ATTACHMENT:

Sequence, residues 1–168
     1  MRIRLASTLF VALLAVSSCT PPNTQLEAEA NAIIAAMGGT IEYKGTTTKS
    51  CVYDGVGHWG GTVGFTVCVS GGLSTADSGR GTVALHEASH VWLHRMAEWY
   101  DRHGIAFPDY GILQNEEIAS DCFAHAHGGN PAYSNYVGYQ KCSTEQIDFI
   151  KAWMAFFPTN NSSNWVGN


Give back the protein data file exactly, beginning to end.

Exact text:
Sequence, residues 1–168
     1  MRIRLASTLF VALLAVSSCT PPNTQLEAEA NAIIAAMGGT IEYKGTTTKS
    51  CVYDGVGHWG GTVGFTVCVS GGLSTADSGR GTVALHEASH VWLHRMAEWY
   101  DRHGIAFPDY GILQNEEIAS DCFAHAHGGN PAYSNYVGYQ KCSTEQIDFI
   151  KAWMAFFPTN NSSNWVGN